No verdict in Sunday Times defamation trialWednesday 17 July 2013 23.00
The jury in a High Court defamation case taken against the Sunday Times and columnist Brenda Power has been discharged after failing to reach a verdict.
Mr Justice Eamon de Valera thanked the jurors for their time and said they obviously had taken the case very seriously.
He excused them for jury service for ten years.
John McCauley took the action against the Sunday Times and columnist Brenda Power over an article about his filming the birth of his baby at a Dublin hospital.
Mr McCauley sued a midwife who asked him to stop filming. He lost his case in 2009.
The Sunday Times published an opinion piece by Ms Power a few days later.
He claimed the article was defamatory and portrayed him as having no consideration or care for his partner or his baby.
During the four-day hearing his lawyers said it was an outrageous and malicious piece of journalism and portrayed him as prancing about the place promoting himself as the star, ignoring his child who was struggling for breath and "some kind of head case running around with a camera".
The 46-year-old, who is from Celbridge and now lives in Dubai and Lithuania, also claimed it meant he failed to reassure or comfort his wife in what was alleged by the paper to be an emergency situation but which he says was not the case.
The defendants denied the claims and said the article was true and was fair comment on a matter of public interest.
In evidence, Ms Power stood over the article and said she had strong feelings about the work midwives do and to think someone could be hauled before the courts for just doing their job made her very upset.
In closing arguments counsel for the Sunday Times and Ms Power, Mark Harty, said the Circuit Court had found it was an emergency situation despite Mr McCauley's claims it was not.
He had not appealed the Circuit Court findings.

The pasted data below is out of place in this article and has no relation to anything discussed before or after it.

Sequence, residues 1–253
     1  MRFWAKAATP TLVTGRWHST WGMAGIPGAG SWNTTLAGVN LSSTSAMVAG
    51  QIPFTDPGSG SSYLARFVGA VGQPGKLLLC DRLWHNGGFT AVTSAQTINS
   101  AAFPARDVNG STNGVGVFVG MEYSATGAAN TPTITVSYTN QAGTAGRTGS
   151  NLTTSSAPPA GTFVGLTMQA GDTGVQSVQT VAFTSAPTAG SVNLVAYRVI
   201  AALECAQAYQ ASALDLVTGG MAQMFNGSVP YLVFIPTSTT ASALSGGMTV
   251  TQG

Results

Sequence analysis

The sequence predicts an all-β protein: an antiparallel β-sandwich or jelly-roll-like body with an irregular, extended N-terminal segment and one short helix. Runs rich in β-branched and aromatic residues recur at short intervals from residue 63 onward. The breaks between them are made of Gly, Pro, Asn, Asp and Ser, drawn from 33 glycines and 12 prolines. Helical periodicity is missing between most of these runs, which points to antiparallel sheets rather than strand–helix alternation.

Mr Harty said after hauling the midwife personally before the court he then dragged her before the court of public opinion by giving an interview to the Pat Kenny show and to other journalists.
Ms Power had decided to stand up for what was right in a strongly-worded opinion piece merited by the actions of Mr McCauley, he said.
The article was not just about Mr McCauley it was about what men should be doing in the delivery room and whether or not they should be filming a birth.
It was about Mr McCauley's case against the midwife Iris Halbech but was not solely about him.
It was the expression of an honestly held opinion, he said and the law gives you the right to hold strong opinions.
There was no point in having opinion writers if all they did was express everyone's opinion, he said.
It was clear this was an opinion piece and the plaintiff was not entitled to win his case. He said the damage to Mr McCauley's character was done when he took the case against the midwife who asked him to stop filming.
Counsel for Mr McCauley, Colm Smyth, told the jury just because he had made the "serious error" of suing the midwife, the Sunday Times was not entitled to hold him up to ridicule and contempt.
No one could judge the behaviour of Mr McCauley in the delivery room because they were not there, he said.
Therefore anyone reading Ms Power's article could only conclude the worst; that he was self centred, had no care for his partner, the occasion was all about him and he had no regard for an alleged emergency unfolding before him.
It portrayed him as "prancing about the place promoting himself as the star, ignoring his child who was struggling for breath and there was no evidence of that", Mr Smyth said.
He told the jury they need only consult "the silent witness in this case" which was the video shown to them, to see there was no evidence of that.
Ms Power had gone on a monologue in the witness box about how dreadful it was to sue a midwife, he said.
She had also cynically mentioned the case of Savita Halappanavar three times which had no relevance to this case.
"How can someone stoop so low to lift so little? It was a disgrace," he said adding the defendants had tried to inflame hatred against Mr McCauley, to deflect attention from the true situation which was that she had consistently defamed him in her article.
He said Ms Power was very anxious to get into the mode of star performer herself in with witness box.
Mr Smyth said journalists had significant power to make or break a reputation.
"The pen is mightier than the sword and is a lethal weapon in the hands of someone who wants to use it. It (the article) was done for the purpose of not only teaching him a lesson but to reduce his standing," he said adding: "If she gets away with this today she is at liberty to repeat every allegation made in that article forever."
He said it was fully accepted that suing the midwife was not Mr McCauley's "brightest or best moment" but serious damage was caused to his reputation and he was entitled to be compensated.